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From Martin Sebor <se...@roguewave.com>
Subject RE: [PATCH] STDCXX-423
Date Thu, 13 Mar 2008 18:32:24 GMT

Okay, so this function seems to correctly compute the number of bytes
in the value representation of the object. Remind me, where do we need
it in the rest of LIMITS.cpp again? I.e., what does the patch look
like?

Thanks
Martin


Scott Zhong-2 wrote:
> 
> After going through the logic again:
> 
> iter #	i	byte	structure
> 
> 1		1	0		00000001
> 2		2	0		00000010
> 3		3	0		00000100
> 4		4	0		00001000
> 5		5	0		00010000
> 6		6	0		00100000
> 7		7	0		01000000
> 8		8	0		10000000
> 9		1	1		00000001 00000000
> 10		2	1		00000010 00000000
> 11		3	1		00000100 00000000
> 12		4	1		00001000 00000000
> 13		5	1		00010000 00000000
> 14		6	1		00100000 00000000
> 15		7	1		01000000 00000000
> 16		8	1		10000000 00000000
> 17		1	2		00000001 00000000 00000000
> 
> Byte should be initialized to 1.
> 
> template <class T>
> unsigned compute_byte_size()
> {
>     T max = T (one);
>     T current = T(one);
>     unsigned byte = 1;
>     for (int i = 1; T (current * 2) > max; current *=2, max *= 2, i++) {
>         if (i > 8) { byte++; i=1; }
>     }
>     return byte;
> }
> 
>> -----Original Message-----
>> From: Martin Sebor [mailto:sebor@roguewave.com]
>> Sent: Wednesday, March 05, 2008 5:19 PM
>> To: dev@stdcxx.apache.org
>> Subject: Re: [PATCH] STDCXX-423
>> 
>> Scott Zhong wrote:
>> >
>> >> -----Original Message-----
>> >> From: Martin Sebor [mailto:sebor@roguewave.com]
>> >> Sent: Wednesday, February 20, 2008 12:26 PM
>> >> To: dev@stdcxx.apache.org
>> >> Subject: Re: [PATCH] STDCXX-423
>> >>
>> >> Scott Zhong wrote:
>> >> [...]
>> >>>>> As I write this, I realize that the my function,
>> >>> compute_byte_size(),
>> >>>>> can be optimized to shift one bit to the next byte boundary.
>> >>>> I don't think we need to (or should) worry about optimizing
> config
>> >>>> tests. What we might want to do is use the template parameter in
>> >>>> the signature of the function for non-conforming compilers that
>> >>>> have trouble with these types of things.
>> >>> Sorry I meant to say that its more of a code fix than
> optimization.
>> >>> Sizeof() returns the number of bytes so the function should check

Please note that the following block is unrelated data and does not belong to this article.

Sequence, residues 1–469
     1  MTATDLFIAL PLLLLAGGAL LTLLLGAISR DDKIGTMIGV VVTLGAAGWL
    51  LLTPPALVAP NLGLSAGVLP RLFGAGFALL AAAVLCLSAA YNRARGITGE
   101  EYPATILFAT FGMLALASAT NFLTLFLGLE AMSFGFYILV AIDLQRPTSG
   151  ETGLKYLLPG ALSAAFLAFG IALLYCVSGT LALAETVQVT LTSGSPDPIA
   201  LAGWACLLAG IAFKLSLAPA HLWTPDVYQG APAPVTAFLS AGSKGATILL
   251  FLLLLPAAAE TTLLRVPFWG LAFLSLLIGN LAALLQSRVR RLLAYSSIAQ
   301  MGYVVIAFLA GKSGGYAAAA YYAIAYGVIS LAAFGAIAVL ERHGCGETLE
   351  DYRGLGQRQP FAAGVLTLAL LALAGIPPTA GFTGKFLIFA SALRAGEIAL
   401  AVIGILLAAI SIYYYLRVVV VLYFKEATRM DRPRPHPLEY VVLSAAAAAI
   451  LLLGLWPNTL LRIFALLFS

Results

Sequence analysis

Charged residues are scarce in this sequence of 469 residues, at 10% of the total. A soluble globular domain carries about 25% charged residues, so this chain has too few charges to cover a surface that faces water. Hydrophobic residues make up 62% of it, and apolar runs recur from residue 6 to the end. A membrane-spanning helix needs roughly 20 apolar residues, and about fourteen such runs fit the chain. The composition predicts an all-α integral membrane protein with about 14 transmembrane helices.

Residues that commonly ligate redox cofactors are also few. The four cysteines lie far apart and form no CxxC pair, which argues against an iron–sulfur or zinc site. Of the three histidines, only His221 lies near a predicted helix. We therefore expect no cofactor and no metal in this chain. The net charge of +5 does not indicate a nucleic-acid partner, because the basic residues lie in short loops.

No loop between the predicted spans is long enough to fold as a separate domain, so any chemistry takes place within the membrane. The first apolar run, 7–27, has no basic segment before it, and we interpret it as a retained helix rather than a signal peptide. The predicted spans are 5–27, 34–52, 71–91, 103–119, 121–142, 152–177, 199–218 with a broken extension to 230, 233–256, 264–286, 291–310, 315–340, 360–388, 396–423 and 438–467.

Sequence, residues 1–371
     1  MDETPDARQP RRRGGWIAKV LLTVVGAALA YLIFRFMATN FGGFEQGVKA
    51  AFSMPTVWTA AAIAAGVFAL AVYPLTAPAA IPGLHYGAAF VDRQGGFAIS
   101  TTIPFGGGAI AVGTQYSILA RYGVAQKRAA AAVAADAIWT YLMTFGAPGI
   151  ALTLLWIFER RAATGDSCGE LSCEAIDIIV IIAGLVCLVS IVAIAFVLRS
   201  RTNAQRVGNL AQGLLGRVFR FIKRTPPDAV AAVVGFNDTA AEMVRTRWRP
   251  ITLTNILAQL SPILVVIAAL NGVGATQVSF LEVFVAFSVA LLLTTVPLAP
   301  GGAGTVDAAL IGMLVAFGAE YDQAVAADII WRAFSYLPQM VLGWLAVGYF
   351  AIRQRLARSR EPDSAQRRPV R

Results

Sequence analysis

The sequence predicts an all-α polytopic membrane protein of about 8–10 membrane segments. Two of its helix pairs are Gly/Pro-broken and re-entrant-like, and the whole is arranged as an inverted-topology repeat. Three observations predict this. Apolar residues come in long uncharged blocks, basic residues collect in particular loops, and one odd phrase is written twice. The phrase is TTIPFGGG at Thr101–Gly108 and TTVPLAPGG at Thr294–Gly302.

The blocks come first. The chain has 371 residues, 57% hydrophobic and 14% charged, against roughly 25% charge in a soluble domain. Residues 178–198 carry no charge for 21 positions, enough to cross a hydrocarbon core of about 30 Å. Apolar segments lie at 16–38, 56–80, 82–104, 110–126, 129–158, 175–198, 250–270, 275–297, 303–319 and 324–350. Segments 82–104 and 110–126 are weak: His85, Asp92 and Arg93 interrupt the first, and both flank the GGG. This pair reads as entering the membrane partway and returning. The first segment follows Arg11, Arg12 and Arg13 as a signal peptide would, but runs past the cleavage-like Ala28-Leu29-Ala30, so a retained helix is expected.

>> > each
>> >>> byte instead of each bit.
>> >> But not all bits of every byte need to contribute to the value
>> >> representation of the object. IIUC, there can be 4 byte ints
>> >> (i.e., sizeof(int) == 4) with 29 bits for the value, 1 bit for
>> >> the sign, and 2 bits of padding.
>> >>
>> >
>> > I had overlooked that fact, thank you for reminding me.
>> >
>> >>>>> template <class T>
>> >>>>> unsigned compute_byte_size()
>> >>>>> {
>> >>>>>     T max = T (one);
>> >>>>>     unsigned byte = 0;
>> >>>>>     for (; T (max * 128) > max; max *= 128) {
>> >>>> FWIW, for signed T the expression T(max * 128) > max has
> undefined
>> >>>> behavior in the presence of overflow. We've seen at least two (if
>> >>>> not three) compilers exploit this presumably in some aggressive
>> >>>> optimizations (see, for example, STDCXX-482). Since most (all?)
>> >>>> hardware simply wraps around in the presence of overflow we just
>> >>>> need to prevent the compiler optimization here.
>> >>> Would the volatile keyword in front of "max" be sufficient here?
>> >> It might help, but I'm not sure it's guaranteed to. All it usually
>> >> does is make the compiler generate code that reloads the value of
>> >> the object from memory into a register on each access. The stage
>> >> I'm concerned with takes place before code generation based on what
>> >> the compiler can prove about the program. For all signed x, the
>> >> compiler is free to assume that in (x * N) > x, the subexpression
>> >> (x * N) doesn't overflow and thus (x * N) is always guaranteed to
>> >> be greater than x (for N > 0). To prevent it from making such an
>> >> assumption we need to rewrite the expression like so: (x * N) > y
>> >> while initializing x and y to the same value in such a way that
>> >> the compiler cannot prove that (x == y) holds.
>> >>
>> >
>> > Would this suffice?
>> 
>> This doesn't seem correct, not just because of the typo but because
>> it returns 3 for T = int (assuming one == 1). Even if it was correct
>> I'm not sure a smart optimizer couldn't make some assumptions about
>> the dependency between current and max (they are both modified using
>> exactly the same expression) that would cause the code to misbehave.
>> 
>> Martin
>> 
>> >
>> > template <class T>
>> > unsigned compute_byte_size()
>> > {
>> >     T max = T (one);
>> >     T current = T (one);
>> >     unsigned byte = 0;
>> >     for (int I = 1; T (current * 2) > max; current *= 2, max *= 2,
> i++)
>> > {
>> >         if (i > 8 ) {byte++; i = 1; }
>> >     }
>> >     return byte;
>> > }
>> >
>> >
>> >> Martin
>> >
> 
> 
> 

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